Published May 11, 2013
Most people are happy to declare “Thank God it’s Friday.” On Friday May 10, White House Press Secretary Jay Carney was not one of them. Carney got a “case of the Mondays” a few days early as the Obama administration's lies about Benghazi and potentially criminal acts at the IRS all caught up with them at once.
ABC Senior White House correspondent Jonathan Karl started the day off revealing that the famous Benghazi talking points were “dramatically edited by the administration” a total of 12 different times. Those changes included the removal of all references to Al Qaeda initially approved by the CIA.
That public relations disaster was followed by another later in the day. The IRS admitted that conservatives had been right all along and that right-wing groups had indeed been targeted by the IRS. In true Nixonian language, the IRS admitted “mistakes were made,” but denied they were political, convincing absolutely no one.
Fridays, famously called “take out the trash day” in the lefty TV show “West Wing,” are supposed to be days when the administration hides news. On May 10, the trash bin was overflowing and even the press noticed. Carney couldn’t dump garbage fast enough. He fielded at least 38 questions on Benghazi and another eight on the possible crimes at the IRS.
Throughout, he dodged, weaved and blamed – especially blamed. He blamed former President George W. Bush, the CIA, the IRS, Congress, Mitt Romney and, of course, Republicans. “Congress” got blamed 28 times and Republicans got mentioned 20 times by Carney as he tried to spin his way out of trouble.
He began by reminding the press that the White House did “have a background briefing” earlier for 14 news organizations. That meeting, held following these types of PR disasters, had to be spinning like a carnival ride. And the spinning had just gotten started.
The IRS questions were easier since even Carney admitted he wasn’t in the know. He stressed “two things” to pass the buck – that the IRS was an “independent enforcement agency” and “the individual who was running the IRS at the time was actually an appointee from the previous administration.” In other words, blame Bush. I think he learned that one from his boss.
When it came to Benghazi, Carney claimed the White House made a “non-substantive factual correction” to the talking points. He continued: “I must say that all of this information was provided months ago to members of Congress,” adding sarcastically, “which they have leaked now to reporters.” This, after the White House just had a background meeting with 14 different news organizations so they could leak, er, give background information
At several points, Carney embraced his inner Candy Crowley and claimed, inaccurately, that Obama had called the attack “an act of terror” during his Rose Garden speech. (Kudos to Tim Carney for that catch.) However, that’s completely untrue. Even CBS News admitted in 2012 that the transcript “shows that the president did refer to ‘acts of terror’ – but not specifically in reference to the Libya attack. Instead, he made a broader statement about American defiance.” The Team Obama shorthand has created a fictional narrative that is largely accepted by the media.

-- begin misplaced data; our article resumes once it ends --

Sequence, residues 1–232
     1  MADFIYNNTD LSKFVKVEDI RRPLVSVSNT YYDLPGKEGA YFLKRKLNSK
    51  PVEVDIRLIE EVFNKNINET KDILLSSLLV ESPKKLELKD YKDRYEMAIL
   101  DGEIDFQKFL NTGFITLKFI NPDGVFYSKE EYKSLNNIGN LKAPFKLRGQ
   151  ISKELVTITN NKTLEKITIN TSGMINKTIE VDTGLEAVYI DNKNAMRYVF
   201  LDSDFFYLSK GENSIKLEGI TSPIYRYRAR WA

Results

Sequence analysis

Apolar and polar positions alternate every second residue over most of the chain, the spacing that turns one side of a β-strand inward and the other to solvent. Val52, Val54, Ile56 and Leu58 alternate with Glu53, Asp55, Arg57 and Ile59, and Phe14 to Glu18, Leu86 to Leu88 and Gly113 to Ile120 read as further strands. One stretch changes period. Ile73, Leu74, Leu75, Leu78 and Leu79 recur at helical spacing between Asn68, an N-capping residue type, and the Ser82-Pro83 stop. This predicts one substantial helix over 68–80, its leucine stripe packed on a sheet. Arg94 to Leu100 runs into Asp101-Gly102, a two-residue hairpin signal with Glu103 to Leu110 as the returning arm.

During the briefing, question after question pounded Carney on his previous comments that only “stylistic” changes had been made to the Benghazi talking points, when that obviously was not true.
The questioning grew heated and it appeared to show on Carney, as first his ears and then his face reddened to the point where people on Twitter were mocking it. Twitchy captured some of the more fun comments including one saying he was trying to “defend the indefensible.” That was an understatement.
Hilariously, Carney made multiple positive references to the famous interview of UN Ambassador Susan Rice where she made the bogus comments about the “heinous and offensive” video about Islam.
It took 37 minutes into the press conference for one of the reporters to ask a question that didn’t involve one of the day’s two big scandals. Carney seemed to breathe a sigh of relief when it happened.
But it wasn’t over. One of the later questions was telling. “Don’t this series of e-mails now I suggest that your discussion of the video was speculative. You were cherry picking,” asked one reporter. Others pointed out a key flaw in Carney’s defense, calling him out for saying the talking points were what we were sure we knew, but reminding him that the initial talking points said the CIA wrote “we do know that Islamic extremists with ties to al-Qa’ida participated in the attack.” Carney’s response was to direct that inquiry to the “intelligence community.”
If the questioning was a true sign of media interest, Carney can look for many more red-faced press briefings. Perhaps he needs more make-up next time. He should try cover-up. It’s perfect.
Dan Gainor is the Boone Pickens Fellow and the Media Research Center’s Vice President for Business and Culture. He writes frequently about media for Fox News Opinion. He can also be contacted on Facebook and Twitter as dangainor.